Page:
Bipolar disorder, like many other medical problems, can be managed with professional treatment, including medications. Having bipolar disorder does not automatically mean that you will lose custody of your children in a divorce. Here's what you should know:
The Court Will Use The "Best Interests" Standards
When making decisions about child custody, the court's primary concern is the best interests of the child, not the parents. The court looks at numerous factors, including the mental and physical health of each parent and the ability of each parent to provide a stable home environment. Those are usually the two primary factors that are contested by the non-bipolar spouse when there's a custody dispute.
Bipolar disorder can cause extreme mood swings, evident through the manic and depressive stages of the illness. While manic, someone with bipolar disorder may act recklessly or impulsively. They might overspend, stop sleeping, and generally behave erratically. While depressed, they may be unable to keep up with the ordinary demands of a home and child, such as getting the child ready for school or making sure that groceries are bought and meals are cooked.
Should you expect your spouse to use your diagnosis against you in a custody battle? Probably. Realistically, if you're already in a battle over custody, you can expect your spouse to use anything he or she can challenge your fitness as a parent.
You Have Several Methods Of Defense
Keep in mind that people with psychological and physical challenges can still win sole or joint custody of their children. It isn't so much an issue of whether or not you're bipolar but how the disorder affects your ability to be an effective parent.
In order to establish that your disorder is under control, be prepared to show the court a number of things:
- proof that you receive regular checkups and treatments for the disorder
- evidence that you get your refills on your medication as expected (which indicates you take your medication as prescribed)
- a statement from your physician regarding the stability of your condition
Part Of The Burden Is On Your Spouse
Keep in mind that not all of the burden of proof lies on you. Your spouse is going to be asked to show the court why he or she thinks that your condition makes you an unfit parent. He or she may be asked to provide evidence as well:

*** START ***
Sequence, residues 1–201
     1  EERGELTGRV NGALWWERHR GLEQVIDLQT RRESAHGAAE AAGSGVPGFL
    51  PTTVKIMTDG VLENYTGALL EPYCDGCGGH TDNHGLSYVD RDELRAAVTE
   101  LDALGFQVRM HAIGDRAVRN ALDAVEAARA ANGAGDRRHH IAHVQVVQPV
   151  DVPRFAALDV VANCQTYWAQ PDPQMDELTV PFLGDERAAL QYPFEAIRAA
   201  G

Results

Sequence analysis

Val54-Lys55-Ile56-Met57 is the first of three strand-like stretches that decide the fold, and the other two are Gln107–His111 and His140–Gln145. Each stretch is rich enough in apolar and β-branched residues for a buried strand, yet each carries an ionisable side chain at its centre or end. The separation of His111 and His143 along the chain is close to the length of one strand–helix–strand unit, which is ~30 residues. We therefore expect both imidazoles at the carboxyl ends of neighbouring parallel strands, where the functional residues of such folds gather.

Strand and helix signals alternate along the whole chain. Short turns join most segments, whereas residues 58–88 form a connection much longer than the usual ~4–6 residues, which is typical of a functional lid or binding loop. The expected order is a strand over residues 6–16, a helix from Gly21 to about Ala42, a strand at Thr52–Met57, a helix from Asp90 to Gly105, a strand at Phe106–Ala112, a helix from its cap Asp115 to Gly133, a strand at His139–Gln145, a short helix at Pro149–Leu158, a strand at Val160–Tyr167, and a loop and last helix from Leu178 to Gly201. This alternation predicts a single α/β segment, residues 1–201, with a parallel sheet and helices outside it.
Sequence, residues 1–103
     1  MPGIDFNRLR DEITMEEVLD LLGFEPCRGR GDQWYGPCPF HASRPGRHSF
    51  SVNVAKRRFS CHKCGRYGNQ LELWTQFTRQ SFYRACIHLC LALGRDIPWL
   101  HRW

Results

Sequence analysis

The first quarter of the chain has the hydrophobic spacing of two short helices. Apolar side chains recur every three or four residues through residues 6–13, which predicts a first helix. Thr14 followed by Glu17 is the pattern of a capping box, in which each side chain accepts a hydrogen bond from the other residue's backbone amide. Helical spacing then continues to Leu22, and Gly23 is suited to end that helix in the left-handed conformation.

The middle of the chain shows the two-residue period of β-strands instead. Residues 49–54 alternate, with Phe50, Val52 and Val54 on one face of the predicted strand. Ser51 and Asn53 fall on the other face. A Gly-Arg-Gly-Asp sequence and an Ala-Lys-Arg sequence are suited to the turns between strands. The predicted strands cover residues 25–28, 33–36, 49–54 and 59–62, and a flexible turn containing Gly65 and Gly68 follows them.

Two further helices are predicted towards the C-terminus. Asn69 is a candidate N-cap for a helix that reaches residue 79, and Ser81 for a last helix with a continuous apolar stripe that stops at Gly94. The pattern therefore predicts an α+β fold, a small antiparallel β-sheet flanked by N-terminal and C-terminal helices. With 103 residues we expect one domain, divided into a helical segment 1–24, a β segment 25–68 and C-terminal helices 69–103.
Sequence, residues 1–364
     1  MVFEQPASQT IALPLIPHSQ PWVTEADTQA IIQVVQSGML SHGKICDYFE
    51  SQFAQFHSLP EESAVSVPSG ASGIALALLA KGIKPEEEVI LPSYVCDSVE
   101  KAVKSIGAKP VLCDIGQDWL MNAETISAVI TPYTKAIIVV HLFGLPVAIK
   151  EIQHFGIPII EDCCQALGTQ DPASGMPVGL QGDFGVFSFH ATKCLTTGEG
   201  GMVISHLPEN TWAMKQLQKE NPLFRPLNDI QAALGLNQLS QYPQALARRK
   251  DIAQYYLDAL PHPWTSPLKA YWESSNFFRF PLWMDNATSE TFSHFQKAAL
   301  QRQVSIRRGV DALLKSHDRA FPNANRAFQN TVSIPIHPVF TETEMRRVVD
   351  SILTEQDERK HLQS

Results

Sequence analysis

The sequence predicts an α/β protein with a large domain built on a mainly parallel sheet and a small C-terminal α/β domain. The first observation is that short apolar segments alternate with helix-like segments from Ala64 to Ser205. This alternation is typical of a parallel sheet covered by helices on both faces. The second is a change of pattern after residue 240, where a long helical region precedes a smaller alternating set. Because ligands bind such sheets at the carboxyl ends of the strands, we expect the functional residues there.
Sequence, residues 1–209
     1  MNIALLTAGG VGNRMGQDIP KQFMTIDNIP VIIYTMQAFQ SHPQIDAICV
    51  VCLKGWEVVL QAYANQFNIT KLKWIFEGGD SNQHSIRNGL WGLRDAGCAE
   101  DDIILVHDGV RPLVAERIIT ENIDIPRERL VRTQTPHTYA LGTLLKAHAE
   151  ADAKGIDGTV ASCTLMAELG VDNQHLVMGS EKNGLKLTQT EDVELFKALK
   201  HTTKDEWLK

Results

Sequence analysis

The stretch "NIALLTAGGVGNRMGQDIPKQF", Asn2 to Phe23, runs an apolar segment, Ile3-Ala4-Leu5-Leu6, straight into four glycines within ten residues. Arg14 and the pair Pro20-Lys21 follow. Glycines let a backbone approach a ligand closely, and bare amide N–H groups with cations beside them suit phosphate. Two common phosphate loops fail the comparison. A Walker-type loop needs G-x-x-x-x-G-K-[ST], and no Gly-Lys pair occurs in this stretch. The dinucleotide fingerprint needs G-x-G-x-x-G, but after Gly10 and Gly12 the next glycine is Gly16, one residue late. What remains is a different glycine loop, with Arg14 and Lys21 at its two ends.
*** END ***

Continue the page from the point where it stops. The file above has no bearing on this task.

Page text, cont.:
- proof that you've had a recent hospitalization due to the disorder
- evidence of reckless behavior, such as police reports or bank account statements that indicate that you acted without thinking of the consequences
- proof that your disorder has caused you to be violent with your children or neglect them in some way, through social service reports, doctor's reports, or school records
If something happened in the past that caused you to have a manic or depressive episode, discuss the issue with your attorney in advance so that you can prepare your response to the court. The court will examine your response to the situation as much as it does the actual events.
For example, if a medication you were trying shifted you into a bout of depression but you took action and checked yourself into a hospital for treatment or saw your doctor and had your medication adjusted, that shows a pattern of responsibility and an ability to cope with your disorder. If your doctor has since changed your medication and you've leveled out, there's no reason to presume that the event will repeat itself.
The important thing to keep in mind is that you need to be proactive when addressing your illness with the court. Make sure that your attorney knows in advance that you suspect your spouse will bring it up as an issue and begin to plan accordingly.
For more information, contact Andrew H P Norton or a similar legal professional.